Interview with Reine Fiske of Dungen
  • TUESDAY, JULY 10, 2007

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Two years ago, Swedish psychedelic rock band Dungen were most likely known in the U.S. to only a handful of psych fanatics and Scandophiles (We know that might not be the term, but you get the point). But as word of their fourth album Ta Det Lungt began to spread around the blogosphere and into indie rock retail, the quartet quickly became Band du Jour and Lungt rightfully found its way on numerous end-of-year lists. After prolonged tours in both the U.S. and Europe, the band needed a breather, choosing to leave the “buzz world” and record Tio Bitar (“Ten Pieces”) last year. Alternately expanding and contracting on the ideas laid out on Lungt, Bitar is more than merely a worthy successor to Lung; It’s a fully-formed album whose best moments are equally as blissful as its predecessor. In a candid interview, guitarist Reine Fiske tells Baeble about the conflicts and hostilities that can accompany fame and how his band overcame them. Or have they?

Baeble: Given that the band decided not to tour immediately around this album, what are you up to?

Reine Fiske: Not much is happening. It’s been a while since we played live. To be honest with you, it’s sort of resting time.

B: How do you relax?

RF: There are a million things to do in Sweden. But lately, I’ve personally been feeling a bit down. I try to get involved in different projects. You wonder if you’re going insane or normal.

B: Where did that insanity come from?

RF: Not insanity, but working with Gustav can be very pleasurable, but it’s also…I don’t know what to say really. I’m probably the one who gets closest to him in the creative process of making a record. Usually, he does a lot of things alone. That’s how he works. But [he] uses me quite a lot for lead guitar and bass. I get pretty close to him and making this record has been very, very hard actually because everything’s been so turbulent.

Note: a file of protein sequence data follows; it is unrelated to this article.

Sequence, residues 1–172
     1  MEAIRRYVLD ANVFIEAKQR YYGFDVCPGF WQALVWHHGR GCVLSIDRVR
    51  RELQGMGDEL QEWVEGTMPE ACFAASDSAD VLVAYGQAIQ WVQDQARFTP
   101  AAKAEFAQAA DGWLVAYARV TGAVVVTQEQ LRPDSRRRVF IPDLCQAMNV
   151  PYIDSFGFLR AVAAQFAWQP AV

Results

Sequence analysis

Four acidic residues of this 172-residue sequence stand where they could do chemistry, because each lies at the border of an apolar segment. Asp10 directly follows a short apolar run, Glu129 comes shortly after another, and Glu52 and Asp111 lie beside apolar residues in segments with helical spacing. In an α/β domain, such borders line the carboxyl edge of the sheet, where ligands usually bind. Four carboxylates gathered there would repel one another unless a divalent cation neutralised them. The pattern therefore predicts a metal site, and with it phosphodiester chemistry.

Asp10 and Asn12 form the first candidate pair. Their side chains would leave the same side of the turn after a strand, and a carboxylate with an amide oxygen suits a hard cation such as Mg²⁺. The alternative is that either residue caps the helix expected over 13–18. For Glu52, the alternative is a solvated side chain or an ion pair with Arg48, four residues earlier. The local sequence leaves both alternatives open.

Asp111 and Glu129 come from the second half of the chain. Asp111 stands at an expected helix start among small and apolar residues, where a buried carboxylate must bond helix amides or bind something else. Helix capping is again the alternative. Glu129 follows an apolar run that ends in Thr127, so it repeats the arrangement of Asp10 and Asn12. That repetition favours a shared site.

The pressure this time was because Ta Det Lungt took a couple of years for the material to grow into actually becoming an album. This record is more of a collage. These songs were actually recorded for the album. It was not songs put together to become an album. That created a lot of friction and pressure and there was a time limit. He worked his brains out.

B: Did you try to take a bigger role on this album?

RF: No, because [Gustav] listens to other peoples’ ideas but he wants to get his things through first. But maybe I changed my approach towards him on this one because we’ve been together so much. I’ve been with him since the first [album]. We’ve been close for a while now, but we almost grew tired of each other because it’s a very hectic thing to do. You live in each other’s pockets and then you suddenly have to be inspired to do things in a different way. You have to find new blood.

B: Did you find there was more pressure making this album given the acclaim Lungt received?

RF: I think Gustav felt that, but he eventually gave that up because you have to. Of course it affected the whole thing though. We knew that more people knew about it and were waiting, which is a nice thing. [But] this nice thing can also turn into a monster and that happened in a way. But when we finished, it was okay because the album felt okay. This is how it is. This is the way it turned out this time.

B: You’ve released your music mainly through independent labels but at one point were signed to Virgin. What problems did you have being on a major?